CNN is an earnest attempt to replicate the human way of recognizing an object, it doesn't do a pixel-to-pixel mapping rather tries to learn from the features. Covering CNN in one single blog will be an invitation for a deep slumber so to keep it engaging will break it into 3 parts
Part 1 and 2 will deal with the logic behind CNN — The bare thread algorithm final part will cover the implementation of it
Let's get back to our familiar example of identifying an elephant, I had converted the image into monochrome so that we can keep the calculation as simple as possible (in the real world it can be a colored high definition image)
Very first thing CNN does in image classification is “Feature mapping”. In this example, we can take any number of features such as Wider ear, Trunk, legs, etc
In our example, we will consider the wider ear of the elephant as a sample feature. To do a Feature mapping lets translate the sample image and sample feature into a grid as shown below
The monochrome image of the elephant is now fitted into an 8 * 8 grid. Below figure captures the Feature(wider ear ) into a 3 * 3 Grid
Next step is to digitize the image, so whichever cell has the image of an elephant will be assigned a +1 and other cells as -1, the resultant matrix is given below
With image translated into numbers, feature mapping becomes easier, we traverse each and every cell of the base image with 3*3 grid to identify similarities. Consider below, In figure -1, its a perfect fit so we get to assign 1 to the cell, in figure -2 its only a partial fit as we are mapping ear to the head of an elephant.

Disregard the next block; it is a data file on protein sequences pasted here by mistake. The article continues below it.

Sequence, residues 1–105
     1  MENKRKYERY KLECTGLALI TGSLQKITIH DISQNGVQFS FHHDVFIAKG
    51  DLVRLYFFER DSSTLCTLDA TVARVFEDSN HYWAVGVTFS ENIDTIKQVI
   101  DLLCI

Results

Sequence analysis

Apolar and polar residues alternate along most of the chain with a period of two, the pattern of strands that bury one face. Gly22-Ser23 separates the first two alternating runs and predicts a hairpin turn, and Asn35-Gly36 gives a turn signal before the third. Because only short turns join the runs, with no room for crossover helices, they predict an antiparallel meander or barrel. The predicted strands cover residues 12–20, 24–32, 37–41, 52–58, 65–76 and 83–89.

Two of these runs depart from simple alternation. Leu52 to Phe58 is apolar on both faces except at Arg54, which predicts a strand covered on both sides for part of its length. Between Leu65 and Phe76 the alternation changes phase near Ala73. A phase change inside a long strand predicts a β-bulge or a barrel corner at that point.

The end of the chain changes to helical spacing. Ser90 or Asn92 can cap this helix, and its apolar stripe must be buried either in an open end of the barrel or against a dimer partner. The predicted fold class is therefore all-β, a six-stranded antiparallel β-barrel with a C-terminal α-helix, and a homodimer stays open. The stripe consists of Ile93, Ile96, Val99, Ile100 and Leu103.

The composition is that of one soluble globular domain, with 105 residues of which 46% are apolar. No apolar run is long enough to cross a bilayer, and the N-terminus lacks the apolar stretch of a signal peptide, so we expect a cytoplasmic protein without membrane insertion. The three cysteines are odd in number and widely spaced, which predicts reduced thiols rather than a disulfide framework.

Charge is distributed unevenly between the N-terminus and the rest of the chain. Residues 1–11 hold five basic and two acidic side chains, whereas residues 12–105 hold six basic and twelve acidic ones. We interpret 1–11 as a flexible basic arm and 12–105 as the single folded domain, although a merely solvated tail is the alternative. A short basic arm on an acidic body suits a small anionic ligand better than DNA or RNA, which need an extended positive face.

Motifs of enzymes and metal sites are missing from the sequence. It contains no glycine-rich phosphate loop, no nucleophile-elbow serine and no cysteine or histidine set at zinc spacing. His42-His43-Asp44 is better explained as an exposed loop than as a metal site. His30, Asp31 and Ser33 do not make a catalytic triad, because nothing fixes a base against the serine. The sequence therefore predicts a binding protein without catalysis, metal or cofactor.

We need to repeat the above exercise for each cell of the grid and for the number of features that we had selected for this exercise. Technically these 2 elements (Number of features, the Grid size of each feature) are the Hyperparametrs for “Feature mapping”, so when we get into the implementation mode, you will not actually code logic behind feature mapping rather you will specify the hyperparameter (remember the car metaphor !!)
So at end of Feature mapping, we will be getting a layer of grids filtered by the features, this layer is our first level of Convolution, refer a sample grid in Figure-3( By increasing number of features and grid size you can have a better layer for each iteration)
The second phase of CNN is called Pooling, this is done to shrink the resultant grid/parameters so that we have a manageable chunk for processing without compromising on information loss. Few popular pooling algorithms as Max pooling, min pooling, average pooling, etc. In the below figure, we see an example of max pooling